The final reason is the sheen that new clothes often have. They leave the factory in a pristine condition, designed to attract light and reflect it back for our eyes. This is a product enhancement for humans. We find the sheen associated with new clothing pleasing to the eye, and equally attractive to our credit cars.

That sheen has greater visibility to wildlife. The reflective coating in the fabric of your camouflage clothing might be the same as a flashing light to a deer, elk, or moose.

Washing removes the smell, the surface tension, and the reflective coating from your hunting clothes if you wash them prior to taking them to the field. 

What detergent to avoid

The quick answer is anything you can buy on the regular laundry shelf at your local grocery or big box store. Consumer detergents always have scent added. We find it pleasing to the nose, but wildlife view it as a warning that another unwary hunter has just entered their environment.

Only use detergent specifically listed as scent-free. Even a few brands that advertise themselves as “scent blocking” have scent added that wildlife can detect. A completely inert, fragrance-free detergent is the only way to go. No scent, no extra nonsense is a quaint way of thinking about the products to avoid. 

How to keep hunting clothes scent-free

How to wash hunting clothes

Your hunting clothes are scent-free once you remove them from a scent-free washing machine after doing your laundry with a scent-free soap. They remain that way if you hang them on a clothesline in the sunshine, or dry them in an electric or gas dryer with no scent dryer sheets throw into the load.

The second you put those hunting clothes on, your scent will gradually increase on them.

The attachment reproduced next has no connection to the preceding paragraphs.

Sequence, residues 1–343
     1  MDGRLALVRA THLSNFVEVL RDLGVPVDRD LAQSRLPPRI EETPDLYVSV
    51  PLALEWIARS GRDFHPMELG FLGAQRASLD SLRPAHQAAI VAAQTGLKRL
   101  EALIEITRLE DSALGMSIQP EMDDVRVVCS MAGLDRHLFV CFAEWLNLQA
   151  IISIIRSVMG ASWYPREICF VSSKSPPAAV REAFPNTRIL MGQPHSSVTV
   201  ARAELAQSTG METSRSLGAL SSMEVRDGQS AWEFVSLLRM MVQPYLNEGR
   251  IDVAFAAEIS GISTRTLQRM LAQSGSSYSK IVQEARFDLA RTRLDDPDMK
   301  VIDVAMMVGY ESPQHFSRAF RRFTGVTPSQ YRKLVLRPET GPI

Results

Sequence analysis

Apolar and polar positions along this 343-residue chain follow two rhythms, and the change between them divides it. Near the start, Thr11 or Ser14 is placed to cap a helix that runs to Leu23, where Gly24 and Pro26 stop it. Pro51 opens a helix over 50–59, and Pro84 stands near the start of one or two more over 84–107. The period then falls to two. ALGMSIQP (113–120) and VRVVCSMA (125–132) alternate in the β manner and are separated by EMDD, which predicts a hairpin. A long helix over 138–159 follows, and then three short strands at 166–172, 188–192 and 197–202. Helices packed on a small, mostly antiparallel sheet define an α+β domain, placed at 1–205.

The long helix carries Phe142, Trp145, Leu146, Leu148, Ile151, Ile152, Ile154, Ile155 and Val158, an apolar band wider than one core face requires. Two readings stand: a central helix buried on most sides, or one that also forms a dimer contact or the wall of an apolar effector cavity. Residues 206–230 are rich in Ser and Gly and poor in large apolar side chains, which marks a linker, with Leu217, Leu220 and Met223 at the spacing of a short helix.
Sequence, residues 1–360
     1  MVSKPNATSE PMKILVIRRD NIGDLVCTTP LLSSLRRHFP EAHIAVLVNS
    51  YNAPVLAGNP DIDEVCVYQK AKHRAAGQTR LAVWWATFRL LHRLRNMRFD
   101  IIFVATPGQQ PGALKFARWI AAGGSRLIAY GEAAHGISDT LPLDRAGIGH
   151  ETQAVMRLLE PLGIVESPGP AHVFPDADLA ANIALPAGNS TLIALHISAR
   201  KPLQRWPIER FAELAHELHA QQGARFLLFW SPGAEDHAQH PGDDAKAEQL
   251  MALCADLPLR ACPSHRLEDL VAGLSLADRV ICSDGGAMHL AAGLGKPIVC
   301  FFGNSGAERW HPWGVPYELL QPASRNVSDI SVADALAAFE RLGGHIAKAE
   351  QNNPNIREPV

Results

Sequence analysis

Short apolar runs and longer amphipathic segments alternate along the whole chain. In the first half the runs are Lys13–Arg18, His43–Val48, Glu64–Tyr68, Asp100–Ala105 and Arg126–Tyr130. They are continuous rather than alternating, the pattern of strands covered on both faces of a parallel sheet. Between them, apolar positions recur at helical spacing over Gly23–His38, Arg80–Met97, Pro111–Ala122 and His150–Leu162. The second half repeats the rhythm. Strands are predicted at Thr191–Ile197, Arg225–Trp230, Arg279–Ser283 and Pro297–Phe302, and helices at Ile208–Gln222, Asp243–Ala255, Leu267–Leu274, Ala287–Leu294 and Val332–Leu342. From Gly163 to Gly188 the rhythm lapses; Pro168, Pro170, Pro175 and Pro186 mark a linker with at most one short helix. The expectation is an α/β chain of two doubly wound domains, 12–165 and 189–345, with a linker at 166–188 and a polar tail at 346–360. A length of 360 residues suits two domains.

If you hang those carefully cleaned hunting clothes in a closet with your other clothing, it will pick up the scent from the clothes adjacent to them.

Placing your cleaned hunting laundry in a plastic bag is one way to keep away scent, the other is to purchase a hunting clothes-only storage locker, such as a Scent Crusher ozone locker. This device uses an ozone generator, inside a portable, zip up storage locker to keep scent off your hunting clothes.

Ozone blockers are also available in duffle bags, in trunks, and as a standalone device that can be used inside a dedicated hunting clothes closet to prevent smells from attaching to your clothes. 

Once you’ve taken the time to remove all human scent from your hunting clothes, you don’t want to contaminate them again before hitting the fields and forests. A simple method of keeping clothes scent-free is to pack them inside a sealable plastic bag once they’ve been dried.

Store them in a little-used area of your home that doesn’t get much human traffic. Don’t wear your hunting clothes until you’re in the field about to set out in pursuit of game.

The scent we don’t even notice in our daily lives can be a warning smell to wildlife.

Filling up your truck permeates the air with gasoline or diesel vapor. Grabbing a bit to eat at a fast-food restaurant adds the smell of fried food, years and sugar, to the air. These are innocuous scents to us, but a veritable warning siren of scent to wildlife. 

Conclusion

Wildlife have an incredible array of senses that we humans cannot compete with. Careful preparation to prevent our sound, image, and scent from being noticed by the game we are chasing is imperative in a successful hunt.

We can see and hear almost as well as wildlife, but our sense of smell is woefully inadequate in comparison with every other wild species.

The secret is to be aware of these shortcomings and compensate by doing all you can to prevent your scent, or those manmade aromas coming from the world around you, from reaching the game you are pursuing.

Be stealthy in sound prevention, invisibility, and scent detection and you’ll be on the way to a successful hunt every time you take to the field.